Updated at 5:32 p.m. ET
BIRMINGHAM, Ala. A UPS cargo plane crashed into a field near the Birmingham airport Wednesday, killing two pilots and scattering wreckage over a rural area moments after witnesses heard the massive A300 jet coming in at treetop level.
People living near the airfield reported seeing flames coming from the plane and hearing its engines struggle in the final moments before impact.
"It was on fire before it hit," said Jerome Sanders, who lives directly across from the runway.
The plane, which departed from Louisville, Ky., went down about a half-mile from Birmingham-Shuttlesworth International Airport and broke into several pieces and caught fire. The pilot and co-pilot were the only people aboard.
Mayor William Bell, who was briefed by the city's fire chief, said there were two or three small explosions that authorities believe were from aviation fuel.
April Odom, a spokeswoman for Birmingham Mayor William Bell, confirmed to CBS News that two bodies were found in the wreckage.
Earlier, UPS spokesman Jeff Wafford said there were two crew members aboard the plane, and Bell said the two crewmembers on board were the pilot and the co-pilot.
National Transportation Safety Board officials said investigators arrived on scene Wednesday morning. As of 5:00 p.m. ET, the tail of the aircraft was still on fire. First responders were working to extinguish the flames, so that investigators could safely retrieve the plane's black box and recorders.
The plane had skidded about 200 yards on the ground after impact, NTSB officials said.
Weather conditions at the time of the crash were rainy with low clouds. The plane's wings and tail was located about 80 yards away from the rest of the fuselage.
Toni Herrera-Bast, a spokeswoman for the city's airport authority, said the crash did not affect airport operations, but it knocked down power lines and appeared to have toppled at least one tree and utility pole.
UPS spokesman Jeff Wafford said the plane was carrying a variety of cargo, but he did not elaborate. The names of the crew were not immediately released.
The National Transportation Safety Board sent a team of investigators to the scene.
Ryan Wimbleduff, who lives just across the street from the airport property, said the crash shook his house violently. Standing in his driveway, he and his mother could see the burning wreckage.
"I ran outside and it looked like the sun was coming up because of the fire on the hill," he said. "Balls of fire were rolling toward us."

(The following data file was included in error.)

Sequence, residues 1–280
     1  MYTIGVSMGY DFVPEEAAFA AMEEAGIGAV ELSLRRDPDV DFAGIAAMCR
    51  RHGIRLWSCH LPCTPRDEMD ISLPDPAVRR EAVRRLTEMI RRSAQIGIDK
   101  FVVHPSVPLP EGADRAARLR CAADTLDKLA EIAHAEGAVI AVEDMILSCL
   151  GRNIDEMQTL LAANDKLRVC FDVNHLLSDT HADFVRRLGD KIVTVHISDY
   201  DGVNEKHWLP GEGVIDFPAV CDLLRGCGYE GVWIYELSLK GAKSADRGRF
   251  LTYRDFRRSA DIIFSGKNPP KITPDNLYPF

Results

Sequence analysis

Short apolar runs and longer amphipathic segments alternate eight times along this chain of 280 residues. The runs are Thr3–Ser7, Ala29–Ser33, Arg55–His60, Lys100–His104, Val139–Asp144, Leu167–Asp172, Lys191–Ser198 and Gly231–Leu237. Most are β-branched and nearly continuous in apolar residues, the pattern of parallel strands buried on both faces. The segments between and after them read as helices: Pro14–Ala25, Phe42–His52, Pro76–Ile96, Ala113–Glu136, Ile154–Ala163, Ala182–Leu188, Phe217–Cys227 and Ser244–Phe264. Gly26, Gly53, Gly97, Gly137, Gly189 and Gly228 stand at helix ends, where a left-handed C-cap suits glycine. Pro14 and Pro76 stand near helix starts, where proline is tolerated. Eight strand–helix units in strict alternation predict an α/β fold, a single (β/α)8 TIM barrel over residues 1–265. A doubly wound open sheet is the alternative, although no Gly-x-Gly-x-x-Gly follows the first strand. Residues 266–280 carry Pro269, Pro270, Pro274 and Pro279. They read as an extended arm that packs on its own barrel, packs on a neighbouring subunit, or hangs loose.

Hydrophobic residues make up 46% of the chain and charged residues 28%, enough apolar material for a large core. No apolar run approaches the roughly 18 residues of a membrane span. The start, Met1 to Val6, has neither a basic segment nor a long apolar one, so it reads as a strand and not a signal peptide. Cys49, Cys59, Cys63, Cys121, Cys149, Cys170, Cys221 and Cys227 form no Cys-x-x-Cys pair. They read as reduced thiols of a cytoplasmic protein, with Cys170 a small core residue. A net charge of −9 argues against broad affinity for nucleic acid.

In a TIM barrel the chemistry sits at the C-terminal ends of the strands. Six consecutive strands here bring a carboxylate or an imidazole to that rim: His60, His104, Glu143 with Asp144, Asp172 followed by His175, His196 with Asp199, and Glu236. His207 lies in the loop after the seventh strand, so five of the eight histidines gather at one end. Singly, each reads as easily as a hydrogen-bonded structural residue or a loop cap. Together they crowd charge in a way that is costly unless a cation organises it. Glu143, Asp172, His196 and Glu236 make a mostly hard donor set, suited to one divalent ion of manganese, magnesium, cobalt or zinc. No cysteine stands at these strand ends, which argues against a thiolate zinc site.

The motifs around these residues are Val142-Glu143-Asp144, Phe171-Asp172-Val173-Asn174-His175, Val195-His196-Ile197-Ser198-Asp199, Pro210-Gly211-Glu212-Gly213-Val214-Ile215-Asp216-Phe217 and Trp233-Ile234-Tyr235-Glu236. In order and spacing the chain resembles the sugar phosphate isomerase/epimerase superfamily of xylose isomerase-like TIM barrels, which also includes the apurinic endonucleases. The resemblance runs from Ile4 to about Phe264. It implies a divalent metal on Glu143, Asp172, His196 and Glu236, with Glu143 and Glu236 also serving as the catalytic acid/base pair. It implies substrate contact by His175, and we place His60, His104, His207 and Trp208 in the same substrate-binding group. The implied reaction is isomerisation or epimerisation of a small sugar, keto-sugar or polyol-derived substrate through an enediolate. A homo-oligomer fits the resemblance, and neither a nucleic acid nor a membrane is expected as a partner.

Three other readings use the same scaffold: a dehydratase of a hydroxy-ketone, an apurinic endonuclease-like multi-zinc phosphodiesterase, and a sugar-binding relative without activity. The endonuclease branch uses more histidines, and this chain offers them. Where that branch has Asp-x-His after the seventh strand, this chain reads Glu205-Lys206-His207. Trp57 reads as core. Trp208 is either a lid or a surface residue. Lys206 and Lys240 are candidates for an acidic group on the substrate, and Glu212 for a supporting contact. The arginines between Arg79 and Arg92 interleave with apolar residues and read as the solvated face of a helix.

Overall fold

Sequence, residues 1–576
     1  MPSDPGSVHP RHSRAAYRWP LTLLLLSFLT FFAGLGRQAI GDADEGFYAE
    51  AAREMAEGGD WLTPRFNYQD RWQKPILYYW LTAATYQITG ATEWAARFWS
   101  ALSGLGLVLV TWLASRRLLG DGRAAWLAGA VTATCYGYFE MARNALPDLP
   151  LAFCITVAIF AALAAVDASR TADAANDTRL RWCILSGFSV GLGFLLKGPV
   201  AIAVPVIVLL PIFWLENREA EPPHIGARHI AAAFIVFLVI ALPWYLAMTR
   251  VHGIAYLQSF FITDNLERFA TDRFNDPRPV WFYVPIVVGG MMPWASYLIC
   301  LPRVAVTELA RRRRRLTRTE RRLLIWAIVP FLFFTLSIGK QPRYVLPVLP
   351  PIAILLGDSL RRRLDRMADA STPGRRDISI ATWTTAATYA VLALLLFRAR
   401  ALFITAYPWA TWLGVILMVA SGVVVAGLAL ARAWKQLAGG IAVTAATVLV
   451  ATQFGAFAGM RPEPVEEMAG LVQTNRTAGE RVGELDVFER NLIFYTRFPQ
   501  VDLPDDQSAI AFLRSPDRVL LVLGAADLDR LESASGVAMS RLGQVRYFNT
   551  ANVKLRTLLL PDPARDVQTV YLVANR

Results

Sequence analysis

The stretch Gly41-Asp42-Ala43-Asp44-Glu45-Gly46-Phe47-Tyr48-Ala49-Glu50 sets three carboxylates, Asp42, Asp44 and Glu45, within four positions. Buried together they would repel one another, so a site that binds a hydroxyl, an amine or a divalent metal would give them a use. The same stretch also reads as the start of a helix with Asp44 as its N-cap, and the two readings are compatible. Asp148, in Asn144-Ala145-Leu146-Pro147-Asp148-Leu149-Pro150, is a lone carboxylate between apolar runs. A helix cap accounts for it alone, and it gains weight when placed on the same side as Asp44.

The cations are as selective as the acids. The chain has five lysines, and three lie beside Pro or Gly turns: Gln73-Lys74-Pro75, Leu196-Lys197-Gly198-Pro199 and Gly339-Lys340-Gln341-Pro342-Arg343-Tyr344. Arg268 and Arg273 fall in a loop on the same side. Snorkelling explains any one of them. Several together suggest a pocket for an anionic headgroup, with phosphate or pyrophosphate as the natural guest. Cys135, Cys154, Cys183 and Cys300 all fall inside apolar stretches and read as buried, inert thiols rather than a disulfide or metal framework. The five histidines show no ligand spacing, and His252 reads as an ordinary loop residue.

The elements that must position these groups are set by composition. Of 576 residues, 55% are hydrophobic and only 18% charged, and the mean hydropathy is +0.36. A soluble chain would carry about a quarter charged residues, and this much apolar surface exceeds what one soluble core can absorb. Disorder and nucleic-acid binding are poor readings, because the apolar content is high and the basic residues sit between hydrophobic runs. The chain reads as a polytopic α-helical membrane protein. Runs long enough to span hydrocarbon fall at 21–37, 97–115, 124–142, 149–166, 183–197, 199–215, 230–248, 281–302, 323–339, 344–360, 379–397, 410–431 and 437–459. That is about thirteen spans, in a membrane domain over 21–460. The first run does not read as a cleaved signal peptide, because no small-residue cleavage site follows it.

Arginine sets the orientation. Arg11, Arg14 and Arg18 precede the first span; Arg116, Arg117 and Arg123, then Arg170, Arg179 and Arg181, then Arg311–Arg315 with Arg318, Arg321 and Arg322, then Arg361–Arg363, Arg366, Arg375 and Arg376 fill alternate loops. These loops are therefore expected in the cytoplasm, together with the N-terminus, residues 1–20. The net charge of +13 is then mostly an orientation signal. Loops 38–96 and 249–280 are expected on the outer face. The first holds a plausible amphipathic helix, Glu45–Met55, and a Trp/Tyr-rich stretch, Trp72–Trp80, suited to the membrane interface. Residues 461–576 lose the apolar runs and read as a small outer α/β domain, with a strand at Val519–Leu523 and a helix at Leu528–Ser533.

Chunks of riveted metal that appeared to be from the plane landed in the yard of Cornelius and Barbara Benson, who live just a short walk from the crash site.
Barbara Benson said she was awakened by a tremendous boom and "saw a big red flash" through her bedroom window.
As day broke, the two were able to see that the tops of trees around their property had been knocked down and they were missing a piece of their back deck.
Cornelius Benson said planes routinely fly so low over his house that a few years ago, the airport authority sent crews to trim treetops.
The planes come so close that Barbara Benson said she's sometimes been able to "to wave at the captains as they pass."
Sharon Wilson, who also lives near the airport, said she was in bed before dawn when she heard what sounded like engines sputtering as the plane went over her house.
"It sounded like an airplane had given out of fuel. We thought it was trying to make it to the airport. But a few minutes later we heard a loud boom." she said.
James Giles, who lives just off the airport's property, said the plane missed his home by a couple of hundred yards, judging from tree damage and debris. He was at work at the time but said it was clear from the scene that the plane was attempting to land on the north-south runway that is typically used by much smaller aircraft. Large planes such as the A300 typically use the bigger east-west runway, he said.
"They were just trying to get to a landing spot, anywhere," he said.
The plane was built in 2003 and had logged about 11,000 flight hours over 6,800 flights, Airbus said in a news release.
The A300, Airbus' first plane, began flying in 1972. Airbus quit building them in 2007 after making a total of 816 A300 and A310s. The model was retired from U.S. passenger service in 2009.
Wednesday's crash comes nearly three years after a, just outside Dubai, killing both pilots.
Authorities there blamed the Sept. 3, 2010, crash on the jet's load of 80,000 to 90,000 lithium batteries, which are sensitive to temperature. Investigators determined that a fire probably began in the cargo containing the batteries.